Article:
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Richt’s generosity part of several secondary NCAA violations reported by UGA

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On the same day that Ohio State will find out their NCAA fate, Georgia has learned that the NCAA will not take any further action on at least 10 secondary violations from a UGA report earlier this year.

Some of the violations are minor recruiting hiccups — game day simulation, impermissible contact extended beyond “greeting” time (yes, I know) and providing the 5-year-old brother of a recruit meals totaling $21 (which was later reimbursed by the family).

But the more interesting violations came from head coach Mark Richt, who according to records obtained by the Atlanta Journal-Constitution, made personal payments to assistant coaches totaling over $25,000 because Richt believed his they weren’t being compensated enough. From the AJC:

Richt paid former recruiting assistant Charlie Cantor $10,842 over an 11-month period through March of 2011, former linebackers coach John Jancek $10,000 in the summer of 2009 and $6,150 to director of player development John Eason in July of 2010. All of the payments were made by checks from Richt’s personal bank account after UGA’s previous athletic administration declined his requests for increased compensation for those parties.

The AJC’s story goes on to list other instances where Richt paid assistants and staff out of his own pocket — and own goodwill. Nevertheless, it was a violation of a subset of bylaw 11, which regulates supplemental pay for staff members.

Richt and the staff members who accepted payments received letters of admonishment from the school and must undergo additional rules education. The NCAA accepted the response from UGA and no further action was taken.

“The report stands on its own,” AD Greg McGarity said Monday. “There’s nothing to add. We’re moving forward.”

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18 Responses to “Richt’s generosity part of several secondary NCAA violations reported by UGA”
  1. bayoubauer says: Dec 20, 2011 12:05 PM

    Sounds like a pretty standup thing from Mark Richt. Props to him.

  2. bigdinla says: Dec 20, 2011 12:15 PM

    Or he was paying for dirty deeds!

  3. deep64blue says: Dec 20, 2011 12:19 PM

    NCAA are idiots.

  4. woebegong says: Dec 20, 2011 12:38 PM


    I can assure you that he was not paying for any dirty deeds. These coaches, are no longer with UGA. He asked for a raise from the stupid AD that we had, and it was refused. He felt he needed to compensate these folks.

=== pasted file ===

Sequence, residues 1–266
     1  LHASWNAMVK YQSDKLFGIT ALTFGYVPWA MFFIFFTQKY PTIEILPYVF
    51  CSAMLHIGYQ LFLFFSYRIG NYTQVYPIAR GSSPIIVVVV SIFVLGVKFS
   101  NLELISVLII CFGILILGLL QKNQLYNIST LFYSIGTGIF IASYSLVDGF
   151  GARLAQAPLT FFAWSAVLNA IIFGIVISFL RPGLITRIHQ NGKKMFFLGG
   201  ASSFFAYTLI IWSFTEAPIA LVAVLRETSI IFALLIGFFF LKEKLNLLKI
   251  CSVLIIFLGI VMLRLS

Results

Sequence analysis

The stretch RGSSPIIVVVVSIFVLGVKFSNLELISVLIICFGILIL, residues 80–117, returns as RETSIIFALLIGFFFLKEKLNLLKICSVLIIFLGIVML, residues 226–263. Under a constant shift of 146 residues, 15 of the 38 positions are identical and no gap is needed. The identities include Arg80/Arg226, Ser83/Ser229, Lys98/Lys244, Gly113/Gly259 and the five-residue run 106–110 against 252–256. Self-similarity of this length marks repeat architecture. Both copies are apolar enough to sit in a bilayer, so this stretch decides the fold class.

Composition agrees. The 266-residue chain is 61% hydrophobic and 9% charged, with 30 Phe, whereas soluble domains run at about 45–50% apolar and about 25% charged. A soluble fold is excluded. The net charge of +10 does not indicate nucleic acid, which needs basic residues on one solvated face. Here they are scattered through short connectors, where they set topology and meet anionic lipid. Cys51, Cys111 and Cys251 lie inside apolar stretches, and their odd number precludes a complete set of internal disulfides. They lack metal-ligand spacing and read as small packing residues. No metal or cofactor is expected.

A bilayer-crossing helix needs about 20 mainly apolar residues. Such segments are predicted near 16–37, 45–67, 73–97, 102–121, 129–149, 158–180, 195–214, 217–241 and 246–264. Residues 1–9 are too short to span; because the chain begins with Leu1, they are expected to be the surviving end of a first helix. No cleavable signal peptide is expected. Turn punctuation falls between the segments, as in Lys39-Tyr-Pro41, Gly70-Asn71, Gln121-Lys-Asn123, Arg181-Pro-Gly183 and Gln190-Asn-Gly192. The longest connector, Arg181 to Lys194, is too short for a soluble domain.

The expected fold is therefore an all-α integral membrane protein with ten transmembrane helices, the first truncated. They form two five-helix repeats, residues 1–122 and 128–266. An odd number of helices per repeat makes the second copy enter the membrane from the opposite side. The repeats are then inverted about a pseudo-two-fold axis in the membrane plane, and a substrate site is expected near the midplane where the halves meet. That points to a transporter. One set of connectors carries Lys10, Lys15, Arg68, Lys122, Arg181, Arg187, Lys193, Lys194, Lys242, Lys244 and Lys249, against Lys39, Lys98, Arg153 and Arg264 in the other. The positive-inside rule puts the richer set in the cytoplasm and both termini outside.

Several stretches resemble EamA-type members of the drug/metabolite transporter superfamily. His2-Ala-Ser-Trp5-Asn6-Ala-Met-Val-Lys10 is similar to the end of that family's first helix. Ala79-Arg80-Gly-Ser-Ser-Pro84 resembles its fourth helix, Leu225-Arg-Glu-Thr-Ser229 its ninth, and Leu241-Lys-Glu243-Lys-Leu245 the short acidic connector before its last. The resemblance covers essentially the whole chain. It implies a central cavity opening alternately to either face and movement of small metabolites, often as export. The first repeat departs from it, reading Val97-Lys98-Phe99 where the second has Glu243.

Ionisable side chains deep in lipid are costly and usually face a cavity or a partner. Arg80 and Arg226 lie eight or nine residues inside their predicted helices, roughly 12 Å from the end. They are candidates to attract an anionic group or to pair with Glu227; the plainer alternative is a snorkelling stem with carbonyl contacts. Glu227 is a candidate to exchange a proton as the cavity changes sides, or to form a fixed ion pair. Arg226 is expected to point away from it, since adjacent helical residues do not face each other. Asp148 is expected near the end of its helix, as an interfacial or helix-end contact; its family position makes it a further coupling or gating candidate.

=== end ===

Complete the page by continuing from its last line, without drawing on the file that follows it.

5. burntorangehorn says: Dec 20, 2011 12:41 PM

    Interesting that paying his assistants out of his own pocket could constitute a violation. Not sure how that works.

  6. Ben Kercheval says: Dec 20, 2011 12:46 PM


    By paying his assistants out of his own pocket, Richt was violating a subset of bylaw 11, which regulates supplemental pay for staff members. Probably should have mentioned that (actually, I’ll go ahead and update that now).

    Either way, it’s a weird situation. Sounds like Richt was just being Richt.

  7. woebegong says: Dec 20, 2011 12:52 PM

    The best part was his paying for a 5 year old meals, because NCAA regulations permitted him or his school to pay for the player and his parents meals, but not his 5 year old brother. As you can see, the NCAA is now, in the wizard business, because as anybody should know, that 5 year old, if he becomes a future football player, will for sure remember that he got a couple of free meals, while accompanying his brother and family on an authorized recruiting trip. Darn shame, when you can’t buy a kid a happy meal and breakfast.

  8. rebsoon says: Dec 20, 2011 2:03 PM

    Class Act!

  9. ortonwhiskeycrew says: Dec 20, 2011 2:40 PM

    billion dollar industry and you can’t buy a 5 year old a meal…..ffs

  10. jonathanfesler says: Dec 20, 2011 2:58 PM

    Done dirt cheap? Not really! If the guy can afford it and wants to help out his staff who maybe are struggling, I have surely accepted help from my employers in the past so it is his $$!!

  11. jonathanfesler says: Dec 20, 2011 3:08 PM

    But I guess it is a rules violation? There’s right and wrong and then there’s chickenshit I think we all know which category that comes in?

  12. pricecube says: Dec 20, 2011 6:49 PM